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Health Dangers of Plastics

Monday, 15 Dec 2014 01:38 PM

In the iconic graduation party scene in the 1967 movie “The Graduate,” a wealthy businessman takes aside the recent college graduate played by Dustin Hoffman and says he has just one word for him: “Plastics.”
 
He continues, “There’s a great future in plastics. Think about it. Would you think about it?”
 
Plastics did indeed become pervasive – too much so – and they are increasingly regarded as bad for the environment (clogging up landfills) and bad for your health.
 
Some years ago most people discarded water bottles containing BPA (bisphenol A), a synthetic estrogen that can mimic the hormone estrogen, increasing the risk of cancer, diabetes, obesity, and reproductive problems.
 
But now there is evidence that other chemicals in plastic can be just as toxic.
 
Most recently attention has been focused on “K-Cups,” the small single-serving coffee pod requiring a special machine made by Keurig, owned by the Vermont-based Green Mountain Coffee.
 
Green Mountain only makes 5 percent of its current cups out of recyclable plastic. The rest of them are made up of a #7 composite plastic, which is non-recyclable in most places, Mother Jones magazine reported.
 
Another reason to look beyond plastic is a concern with what could leach out of the material when heated. The #7 plastic used in K-Cups is BPA-free, but new evidence suggests that even non-BPA plastics can test positive for estrogenic activity.
 
Most plastic products, from sippy cups to food wraps, can release chemicals that act like estrogen, according to a study in Environmental Health Perspectives.
 
The researchers bought more than 450 plastic items designed to come in contact with food – things like baby bottles, deli packaging, water bottles, and flexible bags. The study found these chemicals even in products that didn't contain BPA.
 
When food is wrapped in plastic or placed in a plastic container and microwaved, substances in the plastic may leak into the food.
 
Plastic is ubiquitous, but there are steps you can take to reduce your exposure.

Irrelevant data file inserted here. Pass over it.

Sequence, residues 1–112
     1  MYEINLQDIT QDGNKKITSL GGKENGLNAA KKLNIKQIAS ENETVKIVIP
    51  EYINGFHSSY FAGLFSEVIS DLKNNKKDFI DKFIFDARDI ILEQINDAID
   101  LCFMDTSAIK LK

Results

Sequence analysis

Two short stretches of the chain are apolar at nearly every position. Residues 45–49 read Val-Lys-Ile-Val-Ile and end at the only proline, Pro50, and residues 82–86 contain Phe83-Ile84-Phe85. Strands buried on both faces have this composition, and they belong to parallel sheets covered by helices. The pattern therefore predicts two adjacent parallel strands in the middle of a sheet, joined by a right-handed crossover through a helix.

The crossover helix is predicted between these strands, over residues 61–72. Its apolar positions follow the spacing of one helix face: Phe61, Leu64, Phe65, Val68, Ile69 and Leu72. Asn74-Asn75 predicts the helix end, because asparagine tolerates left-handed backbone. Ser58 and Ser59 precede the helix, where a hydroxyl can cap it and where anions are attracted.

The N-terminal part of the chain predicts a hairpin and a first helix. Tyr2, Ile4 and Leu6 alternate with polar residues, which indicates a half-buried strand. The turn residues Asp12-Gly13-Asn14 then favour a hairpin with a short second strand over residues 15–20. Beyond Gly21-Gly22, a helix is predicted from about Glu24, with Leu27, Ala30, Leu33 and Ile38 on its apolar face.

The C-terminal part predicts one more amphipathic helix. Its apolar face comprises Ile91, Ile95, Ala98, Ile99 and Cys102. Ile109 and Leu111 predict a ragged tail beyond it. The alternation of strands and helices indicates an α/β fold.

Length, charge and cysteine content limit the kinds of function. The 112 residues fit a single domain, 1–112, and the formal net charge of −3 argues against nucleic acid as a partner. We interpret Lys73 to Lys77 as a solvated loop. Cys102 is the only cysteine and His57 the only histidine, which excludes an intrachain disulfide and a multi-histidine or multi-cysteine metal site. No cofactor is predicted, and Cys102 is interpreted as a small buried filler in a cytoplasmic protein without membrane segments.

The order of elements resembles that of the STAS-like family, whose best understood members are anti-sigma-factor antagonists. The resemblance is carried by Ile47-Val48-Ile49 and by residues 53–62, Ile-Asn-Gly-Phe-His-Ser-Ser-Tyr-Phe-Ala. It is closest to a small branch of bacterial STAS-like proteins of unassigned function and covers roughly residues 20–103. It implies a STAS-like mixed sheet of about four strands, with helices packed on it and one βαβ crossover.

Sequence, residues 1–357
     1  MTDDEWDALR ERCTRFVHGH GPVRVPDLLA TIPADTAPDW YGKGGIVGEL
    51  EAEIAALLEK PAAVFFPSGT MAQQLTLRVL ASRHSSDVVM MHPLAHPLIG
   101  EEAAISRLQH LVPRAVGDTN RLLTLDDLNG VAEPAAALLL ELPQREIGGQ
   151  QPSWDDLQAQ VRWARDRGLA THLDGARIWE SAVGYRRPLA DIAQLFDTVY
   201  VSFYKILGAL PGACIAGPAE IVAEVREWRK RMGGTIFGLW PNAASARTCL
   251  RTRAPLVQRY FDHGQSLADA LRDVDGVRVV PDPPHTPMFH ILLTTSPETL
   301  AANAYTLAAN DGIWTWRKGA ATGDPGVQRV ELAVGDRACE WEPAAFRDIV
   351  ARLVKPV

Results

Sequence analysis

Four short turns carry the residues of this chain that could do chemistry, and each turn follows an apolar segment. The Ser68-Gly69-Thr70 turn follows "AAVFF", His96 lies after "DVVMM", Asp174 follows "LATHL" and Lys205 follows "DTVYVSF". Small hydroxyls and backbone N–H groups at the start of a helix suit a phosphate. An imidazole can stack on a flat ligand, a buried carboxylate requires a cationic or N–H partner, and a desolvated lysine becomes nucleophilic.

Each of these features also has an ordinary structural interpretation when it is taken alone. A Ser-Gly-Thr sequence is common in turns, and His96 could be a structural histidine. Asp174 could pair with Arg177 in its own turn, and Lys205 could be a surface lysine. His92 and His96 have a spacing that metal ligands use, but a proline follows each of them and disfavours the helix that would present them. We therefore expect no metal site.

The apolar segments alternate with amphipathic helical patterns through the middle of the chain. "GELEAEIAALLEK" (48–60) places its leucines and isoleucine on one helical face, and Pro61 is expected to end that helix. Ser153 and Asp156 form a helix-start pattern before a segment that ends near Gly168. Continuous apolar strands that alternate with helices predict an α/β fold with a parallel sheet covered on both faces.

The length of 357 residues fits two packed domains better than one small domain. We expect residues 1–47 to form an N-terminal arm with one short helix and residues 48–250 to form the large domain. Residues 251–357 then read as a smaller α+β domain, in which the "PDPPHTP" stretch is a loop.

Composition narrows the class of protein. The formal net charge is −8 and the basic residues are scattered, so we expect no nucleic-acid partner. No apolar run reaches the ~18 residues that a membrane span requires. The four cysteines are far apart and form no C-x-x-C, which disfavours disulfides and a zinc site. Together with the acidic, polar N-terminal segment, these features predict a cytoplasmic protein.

If you have a Keurig or similar brand, you could go back to a regular coffee.
 
Here are other things you can do:
 
·         Buy stainless-steel water bottles with plastic-free caps.
·         Avoid water bottled in plastic. Drink tap water or water in glass containers.
·         If you must use a plastic bottle, never leave it in direct sunlight or hot places. Repeated use and heat lead to more leaching.
·         Seekproducts packaged in glass bottles: milk, juice, soda, beer, spices, vegetables, and condiments.
·         Instead of putting produce in the store's tear-off plastic bags, bring your own reusable bags.
·         If you're getting a to-go salad or a meal from the hot buffet, opt for paper containers over plastics.
·         Cover leftovers in tinfoil versus plastic wrap.
·         Replace plastic household appliances, such as coffeemakers and blenders with new ones made of stainless steel.
 
Beth Terry, author of Plastic Free: How I Kicked the Plastic Habit and How You Can Too, writes on her website (myplasticfreelife.com) that her family doesn’t store vegetables or fruits in plastic. For example, she stores carrots, whole or cut, immersed in glass containers of water. They will stay crisp in the refrigerator for weeks.

© HealthDay

   
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Ronni-Gordon
In the iconic graduation party scene in the 1967 movie "The Graduate," a wealthy businessman takes aside the recent college graduate played by Dustin Hoffman and says he has just one word for him: "Plastics." He continues, "There's a great future in plastics. Think about...
plastics, bpa, health, dangers
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2014-38-15
Monday, 15 Dec 2014 01:38 PM
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